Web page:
The first order of business was to get water (I had forgotten to fill my hydration system before we left). The Platypus gravity filtration was put to its first test in Montana, and passed.


The next two to three hours past on the trail without much notice.  The trail winds through tall forests of subalpine and Douglas fir with the sound, but not the sight of the creek in the distance.  We meet one party coming out of the wilderness and were past by a group of young men as they entered.  We eventually past them as they rested on the side of the trail.

There was a trail maintenance group of eating their lunch at Lake Kathleen.  We talked with the USFS ranger who was leading the group.  She was impressed that we were heading to Pentad Lake.  We decided to have lunch there, too.  It is a pretty little lake surrounded by high walls.  It looked a bit too shallow to support fish and we didn’t see any sign of fish feeding.

This first section of the trail was a relatively gentle uphill climb, but after lunch it seemed to increase in grade steadily.  We met a group of horseback riders and pack horses on their way out.  It offered me a good chance to rest.  I was definitely starting to feel the effects of the sudden altitude change (living at 300 meters and arriving less than 13 hours later at 2030 meters at the trailhead).  By the time we reached the Rainbow Creek trail I was in tough shape.  My legs and feet were fine, but the heart and lungs just couldn’t keep up.  We still had 4-5 kilometers (and 400+ meters) to go just to Lake Columbine.  I started to realize that I was not going to make it to Lake Pentad today.  There was just no way.  I was feeling disappointed and really felt like I had let the others down.  But they were understanding and decided to make camp at Lake Columbine.

I knew I had trained hard, but I hoped that it was just the lack of acclimatization. I really didn’t want to let them down, but I knew they were disappointed in not making it to Lake Pentad.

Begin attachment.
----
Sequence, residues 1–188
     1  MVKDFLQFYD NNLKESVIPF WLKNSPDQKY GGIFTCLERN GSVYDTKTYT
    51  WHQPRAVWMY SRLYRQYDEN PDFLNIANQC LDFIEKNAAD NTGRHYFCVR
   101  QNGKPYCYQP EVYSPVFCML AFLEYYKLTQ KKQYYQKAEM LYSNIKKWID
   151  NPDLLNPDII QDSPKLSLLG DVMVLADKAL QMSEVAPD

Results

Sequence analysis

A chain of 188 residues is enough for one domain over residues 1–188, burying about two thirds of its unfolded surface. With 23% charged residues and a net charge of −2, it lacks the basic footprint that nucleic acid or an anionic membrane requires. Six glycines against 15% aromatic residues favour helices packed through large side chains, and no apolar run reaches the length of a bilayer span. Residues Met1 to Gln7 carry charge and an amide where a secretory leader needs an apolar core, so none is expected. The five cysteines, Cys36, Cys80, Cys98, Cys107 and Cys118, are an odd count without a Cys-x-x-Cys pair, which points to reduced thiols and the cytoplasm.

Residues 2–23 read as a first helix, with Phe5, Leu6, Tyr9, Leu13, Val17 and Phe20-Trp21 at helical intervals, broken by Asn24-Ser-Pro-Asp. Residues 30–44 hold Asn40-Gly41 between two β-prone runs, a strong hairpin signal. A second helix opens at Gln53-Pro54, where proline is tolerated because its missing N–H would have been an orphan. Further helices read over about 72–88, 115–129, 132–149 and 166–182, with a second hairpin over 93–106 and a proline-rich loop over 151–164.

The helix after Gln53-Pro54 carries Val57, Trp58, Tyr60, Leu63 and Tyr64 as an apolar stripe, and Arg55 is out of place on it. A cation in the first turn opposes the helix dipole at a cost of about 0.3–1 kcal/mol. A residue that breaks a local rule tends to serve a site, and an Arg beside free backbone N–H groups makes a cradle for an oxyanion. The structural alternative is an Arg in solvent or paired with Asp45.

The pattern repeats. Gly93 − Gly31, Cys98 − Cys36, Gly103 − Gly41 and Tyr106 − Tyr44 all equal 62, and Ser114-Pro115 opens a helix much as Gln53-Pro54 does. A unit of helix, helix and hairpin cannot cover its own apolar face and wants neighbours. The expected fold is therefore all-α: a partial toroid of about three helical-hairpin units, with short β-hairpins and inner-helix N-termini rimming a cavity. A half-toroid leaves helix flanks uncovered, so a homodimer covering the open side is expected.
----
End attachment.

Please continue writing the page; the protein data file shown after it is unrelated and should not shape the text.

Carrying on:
Doug and I did get out to photograph the creek out of Lake Columbine:

An hour or so after we set up camp, our decision to stop was validated as a huge lightning and hail storm suddenly erupted over the pass and then descended on our camp.  We had just started eating our dinner when dime sized hail fell for what seemed to be an hour leaving the ground covered with about 5 cm of hail.  And it rained and we got soaked.  Fortunately, Chris and Tyler are quite the firebugs and got a good fire going and warmed us up.

That's me trying to get warm after the hailstorm

After that excitement, my energy level drained quickly and I headed off to bed and the dryness of our tent.  Before I was settled in my sleeping bag it started to rain again.  Doug called it quits, too.

Lake Plateau Backpack Trip

August 4th, 2010

I was invited to go on a backpacking photo/fishing trip in the Absaroka-Beartooth Wilderness of Montana by a fellow Rocky Mountain School of Photography student.

It has been a time consuming obsession over the last two months trying to mix work and training in preparation for this great adventure.

I’ve spent many a night in northern Minnesota’s Boundary Waters Canoe Area Wilderness, but always relied on a canoe and plentiful water to provide the bulk the carriage of my gear.